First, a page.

So, though all this research and education you are engaging in now may seem like a jumbled, useless mess, it seems to me that is will ultimately broaden your horizons and give you a much greater holistic, eclectic overall perspective of what is called “mental illness” or “psychosis” which will enable you to have greater and more compassionate insights into those you try to help instead of blindly relying on the old sacred cows or symbols of biopsychiatry that seem so harmful to so many people. That’s why I especially admire your hard efforts to keep learning and growing instead of taking the easy way out like so many others.

      I look forward to reading about your ongoing “education.” My grandmother used to say you had to go to school for everything and she wasn’t talking about formal education!

      Report comment

  6. Its great to hear the message – that a person can recover completely, even though the expensive mainstream approach denies this.
    My own experience is that psychotherapy is ideal for ‘schizophrenia’, and what worked for me was in the already in the community and didn’t cost much.

    Report comment

  7. Thank you for these postings. I have found the Hearing Voices Network approach empowering.

    Despite the commitment to “helping” those of us with diagnosed “psychosis,” often mainstream helpers like Dr. Karon, operate from assumptions that have not furthered my healing. While psychotherapy may not be exactly mainstream, it usually operates from an assumption that my difference is individually pathological without examining its societal context.

    My experience with what has been considered “symptoms” has challenged me far less than the experience of “receiving help from mental health professionals.” Good intentions can still cause negative consequences. The Hearing Voices Network approach has validated my experience and supported me in taking back my own power to define myself and my experience. I am very grateful to courageous leaders of this movement like Ron Coleman, Karen Taylor, and Rai Waddingham. I am also grateful for the courage and wisdom of Sandra Steingard.

    Report comment

  8. Sandy,

    I posted the following comment on Daniel Mackler’s critique of biological psychiatry after you expressed some dismay about Daniel’s post. Since I questioned if you would see it, I am reposting it here in the hope that you will see it and understand the cognitive dissonance that makes some of us outraged by much of psychiatry while having a deep and growing admiration for you and your hard efforts in a very difficult field in great turmoil presently:

    Donna on June 5, 2014 at 7:08 pm said:

    Hi Sandy,

    As you know, I have given you a great deal of credit for all of your hard efforts to attempt to deal with the information you learned from Bob Whitaker’s Anatomy of an Epidemic that challenged some of your own “sacred symbols” of “schizophrenia” or psychosis. I especially appreciate your posts showing your efforts to work very closely with your patients to give the minimum dose required for those dealing with active psychosis while eventually trying to taper them down or off the drugs as is possible with informed consent for maximum safety. I also appreciate your hard efforts to learn about Open Dialog, various psychotherapies utilized by those like Dr. Bertram Karon, the Hearing Voices Movement and many other nondrug approaches.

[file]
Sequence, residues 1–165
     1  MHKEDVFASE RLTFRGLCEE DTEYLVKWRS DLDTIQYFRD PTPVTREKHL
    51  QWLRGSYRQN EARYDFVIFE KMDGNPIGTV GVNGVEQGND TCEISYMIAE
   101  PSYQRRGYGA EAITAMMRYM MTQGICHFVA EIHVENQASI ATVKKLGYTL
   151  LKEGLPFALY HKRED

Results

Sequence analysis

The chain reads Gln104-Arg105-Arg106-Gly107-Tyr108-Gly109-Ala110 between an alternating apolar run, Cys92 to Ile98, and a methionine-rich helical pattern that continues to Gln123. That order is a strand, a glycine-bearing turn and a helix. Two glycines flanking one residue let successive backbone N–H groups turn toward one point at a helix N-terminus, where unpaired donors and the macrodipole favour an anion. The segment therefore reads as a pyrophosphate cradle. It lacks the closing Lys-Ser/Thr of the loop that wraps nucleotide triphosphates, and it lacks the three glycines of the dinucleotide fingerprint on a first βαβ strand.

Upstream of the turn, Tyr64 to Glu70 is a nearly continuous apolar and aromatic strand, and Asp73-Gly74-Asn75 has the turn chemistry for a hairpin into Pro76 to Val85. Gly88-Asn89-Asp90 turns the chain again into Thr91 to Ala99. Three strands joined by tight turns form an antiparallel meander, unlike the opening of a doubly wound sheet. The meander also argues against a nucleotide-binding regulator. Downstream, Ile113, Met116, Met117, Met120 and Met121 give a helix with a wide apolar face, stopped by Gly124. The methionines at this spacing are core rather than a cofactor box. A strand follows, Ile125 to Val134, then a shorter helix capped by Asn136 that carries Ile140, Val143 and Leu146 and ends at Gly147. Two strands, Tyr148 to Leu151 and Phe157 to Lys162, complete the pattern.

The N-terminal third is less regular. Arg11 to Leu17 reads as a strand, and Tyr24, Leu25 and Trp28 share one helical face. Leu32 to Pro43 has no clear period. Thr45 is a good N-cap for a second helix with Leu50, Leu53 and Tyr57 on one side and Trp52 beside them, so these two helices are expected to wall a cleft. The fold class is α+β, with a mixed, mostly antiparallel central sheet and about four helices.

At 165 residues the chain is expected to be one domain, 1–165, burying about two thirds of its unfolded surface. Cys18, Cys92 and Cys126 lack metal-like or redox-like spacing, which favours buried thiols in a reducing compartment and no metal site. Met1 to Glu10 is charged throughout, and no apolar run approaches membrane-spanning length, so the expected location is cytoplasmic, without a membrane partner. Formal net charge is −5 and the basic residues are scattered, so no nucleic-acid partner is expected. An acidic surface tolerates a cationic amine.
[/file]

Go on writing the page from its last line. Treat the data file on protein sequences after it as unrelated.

As you may have noticed, I wrote one of my scathing posts below about the bogus expansion of a huge “bipolar disorder epidemic” that has been used by the KOL’s of biopsychiatry to prey on mainly abused, raped, traumatized women and children subjected to domestic, school, work and other violence, bullying and mobbing including psychological and emotional abuse and terror as described by expert Dr. Heinz Leymann in his Mobbing Encyclopedia you can find on the web.

    You witnessed Dr. Ragins admitting that it is routine where he works to stigmatize raped women as bipolar as is also true of the military destroying countless lives, which many women are now fighting. As I have stated before and below, psychiatrist domestic violence experts have exposed that it is all too typical for abused women and children to be stigmatized as bipolar, ADHD, delusional, paranoid and other destructive stigmas that aid and abet their abusers in custody and other battles in the courts and do huge harm to them in general.

    Thus, I can on the one hand feel total disgust and contempt for those biopsychiatrists who deliberately cause abuse, trauma victims way more harm with life destroying stigmas and toxic drugs that do them way more harm than good and don’t address the real problems of the victims thus playing into the hands of the more powerful abusers. I have been exposed to the type of psychiatrists Daniel describes and in all honesty, he is putting it kindly given the many despicable evils I have observed among them when trying to rescue loved ones. Lying and bullying/mobbing were/are second nature to them so I don’t feel too kindly toward them and their “ethics.”

    Anyway, though I got some applause for my post below describing my disgust at biopsychiatry’s bogus bipolar predation on those suffering life crises like abuse, bullying, mobbing and others, I may get booed by stating once again that I don’t have much if any exposure to those with psychosis or “schizophrenia,” and I won’t deny that when I have encountered such people acting out in a very weird way, I feel nervous and uncomfortable around them and like Dr. Nardo says, I can feel fear of them too especially since I don’t know how to deal with them in the best, safest way that won’t cause them more stress and scary behavior. I would assume that those dealing with psychosis regularly have some methods and protocols to deal with the situation in the calmest, safest way possible. Also, though I despise the stigma deliberately doled out by psychiatry, when a psychotic person is acting out publicly, it isn’t too much of a secret that they have a problem at the time. It’s the stigmatizing of those who are not psychotic and psychotic and bipolar that really gets me!